What is the setting of the poem the spider and the fly?

What is the setting of the poem the spider and the fly?

1 Answer

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    In the poem, “The Spider and the Fly”, written by Mary Howitt, the poet talks through metaphors (hidden meanings) about how a spider can put a fly under its spell by being polite and sweet. She personifies man as the spider and woman as the fly and talks about how innocent women are to the sweet talks of men and that they should be more cautious. In the first stanza, the spider, very politely, asks the fly whether she will walk into his parlour, which he claims to be “the prettiest little parlour” the fly ever saw. He then goes on to describe his parlour to the fly by saying it has a “winding stair” and on top has “many curious things.” The fly, being smart, did not fall into his trap and paid no heed to his invitations saying that she knew those who went with the spider, “never come down.” This goes on for a while but the fly refuses all requests of the materialistic temptations offered by the spider. the spider tries a more persistent and clever way to entrap the fly by using flattery. He exclaims with happiness how beautiful and sweet the fly is. He says that the fly’s wings are gauzy ( thin and shiny ) and how “brilliant are your eyes.” So he asks her to step inside his parlour where he has a “little lookingglass” and the fly can see herself how pretty she is. The fly, this time, did not directly decline his offer. She is very pleased with all the flattery, just like the spider had hoped. She says that though she will be flying off now, she will come visit the spider soon. Flattery is an old trick which men use on women to trap them. False flattery are used often to trick the women and the poet shows how the innocent fly is slowly falling for the false words of the spider. the cunning spider knew that the fly will soon come back as the flattery did work. He goes inside and starts creating a “subtle web, in a little corner sly.” He sets his table ready to dine upon the fly once she comes back. Then the clever spider goes out and starts singing a song full of praise. He says wonderful things about the fly all the while beckoning (calling) her. He calls out to the fly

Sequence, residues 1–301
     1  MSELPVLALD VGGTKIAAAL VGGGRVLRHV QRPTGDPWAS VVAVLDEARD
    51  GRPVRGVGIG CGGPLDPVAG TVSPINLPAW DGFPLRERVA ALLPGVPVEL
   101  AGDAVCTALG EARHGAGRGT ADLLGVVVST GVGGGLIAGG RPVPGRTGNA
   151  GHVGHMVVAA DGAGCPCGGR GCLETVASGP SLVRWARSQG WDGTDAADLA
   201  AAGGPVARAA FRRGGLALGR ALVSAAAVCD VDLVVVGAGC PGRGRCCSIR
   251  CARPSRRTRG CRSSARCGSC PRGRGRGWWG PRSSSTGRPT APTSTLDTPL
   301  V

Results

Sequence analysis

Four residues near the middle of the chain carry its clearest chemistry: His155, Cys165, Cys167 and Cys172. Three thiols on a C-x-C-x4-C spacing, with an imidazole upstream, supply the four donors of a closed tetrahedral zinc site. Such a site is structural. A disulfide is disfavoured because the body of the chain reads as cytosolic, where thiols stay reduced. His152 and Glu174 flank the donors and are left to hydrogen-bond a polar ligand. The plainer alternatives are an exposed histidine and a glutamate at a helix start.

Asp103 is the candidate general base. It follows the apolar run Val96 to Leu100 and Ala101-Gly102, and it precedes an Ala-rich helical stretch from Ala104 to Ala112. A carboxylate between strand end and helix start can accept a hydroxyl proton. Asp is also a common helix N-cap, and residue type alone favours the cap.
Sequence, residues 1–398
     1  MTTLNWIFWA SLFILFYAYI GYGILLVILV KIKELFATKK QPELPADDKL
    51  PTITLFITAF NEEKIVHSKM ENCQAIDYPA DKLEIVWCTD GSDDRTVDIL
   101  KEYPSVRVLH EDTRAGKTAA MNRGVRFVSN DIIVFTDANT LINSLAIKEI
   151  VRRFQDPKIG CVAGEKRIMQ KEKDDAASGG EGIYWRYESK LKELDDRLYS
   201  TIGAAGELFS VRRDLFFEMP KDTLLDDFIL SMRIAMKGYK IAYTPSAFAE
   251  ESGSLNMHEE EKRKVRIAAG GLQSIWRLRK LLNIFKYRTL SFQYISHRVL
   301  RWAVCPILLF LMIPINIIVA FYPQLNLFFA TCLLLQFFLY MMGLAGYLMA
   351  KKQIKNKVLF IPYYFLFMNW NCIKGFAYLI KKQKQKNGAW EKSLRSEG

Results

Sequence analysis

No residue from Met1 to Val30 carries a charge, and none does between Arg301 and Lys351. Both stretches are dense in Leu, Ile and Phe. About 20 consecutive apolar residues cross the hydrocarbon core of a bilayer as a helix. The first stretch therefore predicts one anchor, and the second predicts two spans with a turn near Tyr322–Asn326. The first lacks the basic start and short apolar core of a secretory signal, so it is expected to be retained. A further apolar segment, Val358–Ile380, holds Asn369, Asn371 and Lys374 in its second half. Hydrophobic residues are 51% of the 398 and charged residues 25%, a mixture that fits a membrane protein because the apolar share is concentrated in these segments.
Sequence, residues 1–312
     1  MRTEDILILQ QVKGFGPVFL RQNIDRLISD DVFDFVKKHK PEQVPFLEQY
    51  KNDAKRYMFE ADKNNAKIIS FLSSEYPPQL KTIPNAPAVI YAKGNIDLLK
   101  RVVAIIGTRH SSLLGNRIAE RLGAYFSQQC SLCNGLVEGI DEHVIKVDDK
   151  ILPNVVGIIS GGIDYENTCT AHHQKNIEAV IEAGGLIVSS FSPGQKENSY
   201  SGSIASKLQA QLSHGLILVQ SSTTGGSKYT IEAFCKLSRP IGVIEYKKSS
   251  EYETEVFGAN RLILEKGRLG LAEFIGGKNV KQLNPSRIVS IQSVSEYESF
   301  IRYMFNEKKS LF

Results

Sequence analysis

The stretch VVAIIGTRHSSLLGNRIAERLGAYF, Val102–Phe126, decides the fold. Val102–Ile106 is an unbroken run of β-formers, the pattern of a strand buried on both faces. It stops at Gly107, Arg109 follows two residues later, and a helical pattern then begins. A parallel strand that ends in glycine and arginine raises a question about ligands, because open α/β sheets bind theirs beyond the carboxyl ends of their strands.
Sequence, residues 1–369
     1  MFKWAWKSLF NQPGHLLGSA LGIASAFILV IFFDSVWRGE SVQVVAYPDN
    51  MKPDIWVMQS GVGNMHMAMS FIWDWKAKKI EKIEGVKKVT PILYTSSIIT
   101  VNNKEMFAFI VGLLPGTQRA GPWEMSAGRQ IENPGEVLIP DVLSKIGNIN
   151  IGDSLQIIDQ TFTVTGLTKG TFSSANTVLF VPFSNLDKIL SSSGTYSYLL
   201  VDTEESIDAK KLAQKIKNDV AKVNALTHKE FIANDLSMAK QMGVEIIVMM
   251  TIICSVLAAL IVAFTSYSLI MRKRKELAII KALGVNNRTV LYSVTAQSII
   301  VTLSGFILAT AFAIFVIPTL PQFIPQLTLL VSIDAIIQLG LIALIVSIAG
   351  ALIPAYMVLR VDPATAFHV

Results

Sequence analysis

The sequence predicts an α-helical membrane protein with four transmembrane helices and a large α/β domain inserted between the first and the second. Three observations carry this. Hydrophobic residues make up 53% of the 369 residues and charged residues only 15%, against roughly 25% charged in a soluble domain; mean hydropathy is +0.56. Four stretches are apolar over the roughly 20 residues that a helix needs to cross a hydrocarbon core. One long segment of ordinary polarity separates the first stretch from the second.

“with the pearl and silver wing.” He says that he finds her robes (body) to be in a beautiful colour of green and purple and also has a “crest (crown) upon your head.” He ends his flattery by comparing her diamond bright eyes to his dull eyes. On hearing the spider’S “wily (cunning), flattering words”, the fly comes buzzing towards the spider’s web. She could think of nothing apart from all the praises said by the spider about her “brilliant eyes” and “her crested head.” She did not even know that she is about to get inside a trap as her head is filled with all the false praises. As soon as she arrives at the web, the spider “fiercely held her fast” and drags her into his “dismal (unfortunate) den” and ends the fly’s life.

    Read summary of The Spider and the Fly

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